Oliver Lietz founded nanocosmos about 25 years ago, initially as a coding company offering software development kits and coding to the broadcast industry. "We've now evolved to a service company providing natural legacy CDN for live streaming," he says, "and we have many customers worldwide who are using that for specific verticals like betting, bidding, [and] i-gaming."
Lietz notes that low-latency streaming allows levels of interactivity, including real-time polling, bidding, and audio or video chat. "Interactivity is key with that solution," he says, "so the vertical solutions go beyond the standard broadcast operations."
Phenix sees interactivity as also including synchronized watch parties, what it calls SyncWatch, for which it has two U.S. patents (US 10,601,914 and US 10,855,763). Phenix claims to provide "high quality synchronous video with less than 500 milliseconds of end-to-end latency at broadcast scale, anywhere in the world," and the company goes to great lengths to remind potential clients that its "real-time streaming latency is always less than a ½ second and with Phenix all viewers see the content synchronously."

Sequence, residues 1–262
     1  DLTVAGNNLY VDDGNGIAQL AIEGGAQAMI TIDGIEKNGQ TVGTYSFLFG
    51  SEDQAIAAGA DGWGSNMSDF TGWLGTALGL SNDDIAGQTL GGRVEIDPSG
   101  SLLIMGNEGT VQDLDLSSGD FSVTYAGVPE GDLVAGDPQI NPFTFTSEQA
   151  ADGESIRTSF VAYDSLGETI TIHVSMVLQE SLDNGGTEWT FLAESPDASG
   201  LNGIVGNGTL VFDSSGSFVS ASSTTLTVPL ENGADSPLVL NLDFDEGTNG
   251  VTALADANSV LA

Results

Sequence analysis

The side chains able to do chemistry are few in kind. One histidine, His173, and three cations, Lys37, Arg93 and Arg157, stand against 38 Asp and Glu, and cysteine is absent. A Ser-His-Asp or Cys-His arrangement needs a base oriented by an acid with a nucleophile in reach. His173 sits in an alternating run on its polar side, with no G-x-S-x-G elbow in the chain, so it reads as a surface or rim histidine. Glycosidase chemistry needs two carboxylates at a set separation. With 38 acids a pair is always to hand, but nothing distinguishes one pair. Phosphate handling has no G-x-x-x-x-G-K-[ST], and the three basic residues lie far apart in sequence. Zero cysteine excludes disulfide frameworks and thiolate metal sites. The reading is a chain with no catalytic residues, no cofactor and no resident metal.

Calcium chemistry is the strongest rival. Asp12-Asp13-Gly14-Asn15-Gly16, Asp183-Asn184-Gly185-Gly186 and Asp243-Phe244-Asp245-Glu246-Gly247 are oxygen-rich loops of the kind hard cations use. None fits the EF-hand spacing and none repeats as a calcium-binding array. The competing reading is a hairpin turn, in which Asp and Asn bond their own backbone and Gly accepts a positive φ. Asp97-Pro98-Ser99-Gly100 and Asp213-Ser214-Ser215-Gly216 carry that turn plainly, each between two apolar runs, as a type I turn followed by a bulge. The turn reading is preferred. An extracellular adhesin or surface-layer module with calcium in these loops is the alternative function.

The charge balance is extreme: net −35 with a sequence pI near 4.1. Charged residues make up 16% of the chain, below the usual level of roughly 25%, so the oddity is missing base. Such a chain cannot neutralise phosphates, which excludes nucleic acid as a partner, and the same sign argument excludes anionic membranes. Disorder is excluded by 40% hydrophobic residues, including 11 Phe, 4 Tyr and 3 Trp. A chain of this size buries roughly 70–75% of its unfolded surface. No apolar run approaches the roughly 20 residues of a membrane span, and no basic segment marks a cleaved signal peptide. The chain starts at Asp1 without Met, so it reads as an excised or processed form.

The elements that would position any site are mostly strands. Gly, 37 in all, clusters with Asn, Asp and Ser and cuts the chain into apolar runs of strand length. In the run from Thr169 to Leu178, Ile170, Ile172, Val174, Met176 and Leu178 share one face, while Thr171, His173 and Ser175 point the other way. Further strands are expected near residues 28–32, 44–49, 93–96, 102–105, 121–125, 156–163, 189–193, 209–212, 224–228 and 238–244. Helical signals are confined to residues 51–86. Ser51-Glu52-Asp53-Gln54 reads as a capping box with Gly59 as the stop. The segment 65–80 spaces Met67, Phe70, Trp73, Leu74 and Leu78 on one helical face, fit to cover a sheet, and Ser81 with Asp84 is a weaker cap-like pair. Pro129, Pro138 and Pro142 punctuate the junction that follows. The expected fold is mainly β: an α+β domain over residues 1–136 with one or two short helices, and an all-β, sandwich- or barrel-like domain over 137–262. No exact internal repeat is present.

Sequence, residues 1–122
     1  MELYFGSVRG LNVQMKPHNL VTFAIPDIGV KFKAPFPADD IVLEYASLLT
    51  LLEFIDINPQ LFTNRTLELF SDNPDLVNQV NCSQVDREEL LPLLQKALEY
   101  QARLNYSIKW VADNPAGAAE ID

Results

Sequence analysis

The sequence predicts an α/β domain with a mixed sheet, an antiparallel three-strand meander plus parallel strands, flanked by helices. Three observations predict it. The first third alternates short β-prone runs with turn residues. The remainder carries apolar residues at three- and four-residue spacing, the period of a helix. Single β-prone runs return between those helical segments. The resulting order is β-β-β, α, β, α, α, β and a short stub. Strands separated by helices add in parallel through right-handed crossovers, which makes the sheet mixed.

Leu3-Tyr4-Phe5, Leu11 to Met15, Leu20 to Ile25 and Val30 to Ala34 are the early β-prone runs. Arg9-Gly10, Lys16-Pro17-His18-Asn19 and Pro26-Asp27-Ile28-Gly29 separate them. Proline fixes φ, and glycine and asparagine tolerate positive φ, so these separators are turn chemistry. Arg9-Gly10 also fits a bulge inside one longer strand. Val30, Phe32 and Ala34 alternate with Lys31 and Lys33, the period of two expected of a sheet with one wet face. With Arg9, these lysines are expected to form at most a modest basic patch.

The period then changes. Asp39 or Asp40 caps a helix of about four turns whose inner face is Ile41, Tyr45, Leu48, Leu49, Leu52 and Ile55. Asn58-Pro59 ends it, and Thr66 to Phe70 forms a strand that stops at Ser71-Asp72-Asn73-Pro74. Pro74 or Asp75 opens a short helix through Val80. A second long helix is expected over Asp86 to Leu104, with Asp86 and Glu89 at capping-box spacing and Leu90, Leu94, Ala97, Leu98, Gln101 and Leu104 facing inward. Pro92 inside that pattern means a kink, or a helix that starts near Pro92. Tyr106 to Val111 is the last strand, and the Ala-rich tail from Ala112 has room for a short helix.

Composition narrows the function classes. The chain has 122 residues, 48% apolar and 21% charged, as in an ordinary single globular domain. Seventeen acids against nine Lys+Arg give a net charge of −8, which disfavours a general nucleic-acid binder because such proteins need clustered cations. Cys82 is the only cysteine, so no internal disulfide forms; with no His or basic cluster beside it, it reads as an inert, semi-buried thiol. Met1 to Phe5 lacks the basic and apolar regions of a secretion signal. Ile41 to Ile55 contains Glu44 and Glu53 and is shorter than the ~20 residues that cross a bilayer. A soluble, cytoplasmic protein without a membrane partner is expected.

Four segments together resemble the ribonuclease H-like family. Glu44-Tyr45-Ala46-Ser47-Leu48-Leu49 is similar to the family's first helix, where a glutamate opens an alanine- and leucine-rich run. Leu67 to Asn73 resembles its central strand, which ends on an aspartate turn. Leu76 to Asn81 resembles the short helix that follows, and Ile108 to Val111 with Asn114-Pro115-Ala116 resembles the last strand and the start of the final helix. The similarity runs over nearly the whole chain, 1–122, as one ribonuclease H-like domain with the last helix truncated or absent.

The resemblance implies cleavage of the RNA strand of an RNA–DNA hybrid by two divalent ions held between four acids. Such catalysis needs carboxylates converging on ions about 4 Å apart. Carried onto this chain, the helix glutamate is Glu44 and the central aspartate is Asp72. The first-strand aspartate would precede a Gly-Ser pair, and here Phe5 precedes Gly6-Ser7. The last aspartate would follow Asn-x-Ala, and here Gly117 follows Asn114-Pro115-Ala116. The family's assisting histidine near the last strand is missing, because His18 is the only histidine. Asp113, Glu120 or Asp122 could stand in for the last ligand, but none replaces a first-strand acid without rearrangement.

Unlike Wowza's claims for its Real-Time Streaming at Scale, which, as previously noted, the Help Me Stream Research Foundation independently confirmed, we have yet to validate Phenix's claims of sub-500-millisecond delivery and synchronized viewing. However, Phenix's 2020 partnership with Verizon Media seems to hold promise, at least for delivery times of less than a second, as the two companies intend to use Verizon Media's global network "to enable sub-second latency for live sports at scale" and also provide a platform for real-time auction events.
How Does Low Latency Impact Video Quality?
As we wrap up this year's "The State of Real-Time Streaming Delivery," let's look at a quote about video quality from Streaming Media Connect 2021. Harmonic's Gambino pointed out the benefits of balancing video quality (normally increased computational time) and latency (normally lower processing time) by using some of the emerging research into human visual system (HVS) perceptual quality. "The really great advent here is Content Aware Encoding," said Gambino, "using things like machine learning or artificial intelligence to be aware of what it is that's happening in a scene where the important bits are and being able to determine, on-the-fly, where to spend the processing budget."
We're optimistic that the combination of all of these enhancements—such as better video quality using Context Aware Encoding, hybrid CDN approaches with edge delivery, and lower overall segment sizes for HTTP-based streaming—will result in a step change for the industry's ability to deliver real-time streaming at scale.